Nonetheless, Bugar’s career was essentially over as soon as the election results came in. And so were any prospects that Most-Hid would get into Parliament ever again, since it was now tainted by Bugar, his failures and his poor track-record. Perhaps the new leadership will be able to turn it all around, but that is still up in the air.
Of course, Most-Hid wasn’t the only Hungarian party running for Parliament earlier this year. So were other lesser known parties, such as the MKS (Hungarian Community Together), comprising the former MKS party and other smaller movements. MKS actually got more votes than Most-Hid, coming in at 3.90%, albeit still below the threshold to get into Parliament. For the first time in Slovakia’s modern history, no Hungarian minority party will be represented in the National Council (the official name of the lower house of Parliament).
Although there aren’t any Hungarian parties in Parliament, a number of MP’s from the ranks of OLaNO and several other parties do come from Slovakia’s Hungarian minority. As a matter of interest, OLaNO received massive support in the southern regions, prompting some analysts to argue that ethnic Hungarians would rather have individual Hungarian personalities in much larger and powerful parties than vote directly for the smaller and weaker Hungarian community’s parties.
Indeed, with people like Jan Kerekreti or Gabor Grendel from OLaNO, Hungarians will still have some sort of representation in the new legislature. It remains to be seen, however, how far will the new government coalition go to address the numerous problems faced by the Hungarian community, with a still-open question about who will be appointed as the next governmental representative for minorities.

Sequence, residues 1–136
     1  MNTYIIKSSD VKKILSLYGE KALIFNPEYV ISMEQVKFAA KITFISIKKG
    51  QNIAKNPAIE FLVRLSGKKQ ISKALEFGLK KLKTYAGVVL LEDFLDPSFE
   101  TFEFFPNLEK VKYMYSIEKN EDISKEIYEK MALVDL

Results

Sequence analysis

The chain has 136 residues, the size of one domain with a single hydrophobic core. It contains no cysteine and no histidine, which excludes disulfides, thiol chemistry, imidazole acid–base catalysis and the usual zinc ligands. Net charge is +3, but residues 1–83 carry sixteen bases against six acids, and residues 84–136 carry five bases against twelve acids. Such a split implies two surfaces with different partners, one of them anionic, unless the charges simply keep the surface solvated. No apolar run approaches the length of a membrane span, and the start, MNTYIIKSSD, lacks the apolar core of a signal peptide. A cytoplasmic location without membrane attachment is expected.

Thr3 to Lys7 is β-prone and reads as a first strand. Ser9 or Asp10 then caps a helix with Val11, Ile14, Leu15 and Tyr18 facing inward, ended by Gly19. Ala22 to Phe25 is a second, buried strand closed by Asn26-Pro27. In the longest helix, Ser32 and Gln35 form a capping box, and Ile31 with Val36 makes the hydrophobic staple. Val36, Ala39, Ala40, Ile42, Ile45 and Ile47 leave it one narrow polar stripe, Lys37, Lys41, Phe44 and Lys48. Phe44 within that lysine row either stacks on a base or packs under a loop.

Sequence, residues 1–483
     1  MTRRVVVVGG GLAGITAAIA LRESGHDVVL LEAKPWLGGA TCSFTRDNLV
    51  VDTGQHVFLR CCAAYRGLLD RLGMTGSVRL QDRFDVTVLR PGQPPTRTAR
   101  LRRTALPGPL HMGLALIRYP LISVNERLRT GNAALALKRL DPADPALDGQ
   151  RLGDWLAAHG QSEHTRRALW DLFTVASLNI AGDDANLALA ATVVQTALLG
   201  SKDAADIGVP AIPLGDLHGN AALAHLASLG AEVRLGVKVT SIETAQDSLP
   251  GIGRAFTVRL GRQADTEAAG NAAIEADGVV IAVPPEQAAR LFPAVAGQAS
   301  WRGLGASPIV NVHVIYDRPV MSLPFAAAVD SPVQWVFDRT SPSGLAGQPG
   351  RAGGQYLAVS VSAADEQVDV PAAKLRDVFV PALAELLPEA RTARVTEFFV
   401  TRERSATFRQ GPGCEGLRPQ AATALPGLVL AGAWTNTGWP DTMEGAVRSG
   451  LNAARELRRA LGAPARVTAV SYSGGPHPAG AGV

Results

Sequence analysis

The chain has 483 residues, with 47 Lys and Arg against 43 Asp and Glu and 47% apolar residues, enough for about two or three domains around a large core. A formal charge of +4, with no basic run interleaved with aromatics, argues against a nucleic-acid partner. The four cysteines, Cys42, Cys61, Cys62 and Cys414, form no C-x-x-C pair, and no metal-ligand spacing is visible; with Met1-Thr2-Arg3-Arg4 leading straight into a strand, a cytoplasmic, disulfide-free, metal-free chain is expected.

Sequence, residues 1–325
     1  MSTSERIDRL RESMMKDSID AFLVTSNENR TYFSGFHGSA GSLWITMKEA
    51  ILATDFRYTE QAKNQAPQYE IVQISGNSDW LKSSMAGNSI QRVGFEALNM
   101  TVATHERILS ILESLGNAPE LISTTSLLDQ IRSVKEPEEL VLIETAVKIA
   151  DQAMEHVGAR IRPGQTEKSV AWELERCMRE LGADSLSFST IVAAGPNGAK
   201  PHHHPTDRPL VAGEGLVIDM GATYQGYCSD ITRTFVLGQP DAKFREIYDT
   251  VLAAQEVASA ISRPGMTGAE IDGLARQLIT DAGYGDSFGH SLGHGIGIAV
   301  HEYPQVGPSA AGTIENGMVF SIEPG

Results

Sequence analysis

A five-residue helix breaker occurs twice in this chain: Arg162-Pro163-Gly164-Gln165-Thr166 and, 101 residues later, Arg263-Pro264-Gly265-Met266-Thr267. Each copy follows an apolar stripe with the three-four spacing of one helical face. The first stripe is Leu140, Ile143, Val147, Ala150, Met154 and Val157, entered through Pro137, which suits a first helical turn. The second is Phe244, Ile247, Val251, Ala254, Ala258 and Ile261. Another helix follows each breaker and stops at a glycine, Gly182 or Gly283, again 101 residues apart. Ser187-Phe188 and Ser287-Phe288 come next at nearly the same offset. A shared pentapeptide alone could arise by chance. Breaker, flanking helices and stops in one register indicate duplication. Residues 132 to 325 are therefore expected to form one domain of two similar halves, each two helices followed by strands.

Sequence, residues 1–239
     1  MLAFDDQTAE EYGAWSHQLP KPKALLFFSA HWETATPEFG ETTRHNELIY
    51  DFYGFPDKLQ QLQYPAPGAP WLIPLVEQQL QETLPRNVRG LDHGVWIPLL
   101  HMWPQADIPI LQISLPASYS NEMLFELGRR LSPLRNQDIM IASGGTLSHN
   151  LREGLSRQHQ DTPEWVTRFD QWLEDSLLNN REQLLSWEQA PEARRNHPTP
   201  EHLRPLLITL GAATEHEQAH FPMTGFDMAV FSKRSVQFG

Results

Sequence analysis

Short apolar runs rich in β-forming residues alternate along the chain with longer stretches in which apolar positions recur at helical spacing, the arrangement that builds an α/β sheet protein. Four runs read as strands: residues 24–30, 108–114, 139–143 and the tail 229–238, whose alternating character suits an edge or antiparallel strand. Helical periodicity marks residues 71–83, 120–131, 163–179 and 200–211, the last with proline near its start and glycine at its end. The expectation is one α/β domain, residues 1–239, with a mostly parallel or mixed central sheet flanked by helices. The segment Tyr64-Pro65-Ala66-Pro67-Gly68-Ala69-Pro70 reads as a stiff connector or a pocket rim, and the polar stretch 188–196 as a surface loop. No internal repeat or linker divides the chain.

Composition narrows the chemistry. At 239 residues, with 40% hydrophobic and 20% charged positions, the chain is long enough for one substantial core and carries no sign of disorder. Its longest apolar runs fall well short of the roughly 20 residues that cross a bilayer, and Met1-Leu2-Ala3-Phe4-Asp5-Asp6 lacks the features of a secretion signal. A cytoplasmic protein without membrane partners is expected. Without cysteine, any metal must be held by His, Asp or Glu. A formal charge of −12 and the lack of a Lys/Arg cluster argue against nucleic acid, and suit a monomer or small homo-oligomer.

Is the ‘Hungarian question’ still important?
Seeing as no Hungarian parties made it into Parliament this year, it appears like a good time to ponder about the ‘Hungarian question’. The perception of the current minority situation in Slovakia might not be as important as it used to be, seeing as the southern regions voted largely in favour of OLaNO, except for a few regions such as Komarno, Dunajska Streda and Rimavska Sobota, where MKS came out on top. I’ve written in length before about the ups and down of Hungarians’ integration in Slovakia, so for more detail and for fear of repeating myself, I invite you to take a look at it to understand exactly what’s at stake.
As many have argued, a large majority of Hungarians may have voted for OLaNO simply in a strategic move to make sure Smer would not win the election after seeing the latest polls putting Igor Matovic’s party in the lead. However, wouldn’t it be better for ethnic Hungarians in Slovakia if there was an actual, full-fledged party in government able to represent their interests and voice their concerns?
A united Hungarian minority party might possibly have been able to pass the threshold (5% for individual parties, 7% for coalitions) to enter Parliament and, maybe, government. But internal division between the different factions decided otherwise.
Where does the truth lie?
The often-argued point among Hungarians in Slovakia is that Bela Bugar disappointed them, and that ethnic Hungarians should have created one large party. An earlier change in leadership, a better policy focus and a larger roster of politicians would probably have been enough to send representatives to Parliament.
This can be seen as a purely hypothetical scenario, nonetheless backed by the discussions I’ve had with some ethnic Hungarians who said it was as if the Hungarian community parties squandered their chances on purpose. Most people I’ve talked to voted for Andrej Kiska’s Za Ludi, OLaNO or MKS. The Hungarian minority question may indeed not be as important and significant a fault-line as it used to be.
It might even be hypothesized that the former governing parties may actually have inadvertently brought the country together by alienating both ethnicities and ended – or at least put in the background – frictions between Slovaks and Hungarians.
The February debacle is grand enough to really start wondering: How will Slovakia’s Hungarian minority parties remain relevant in the years to come?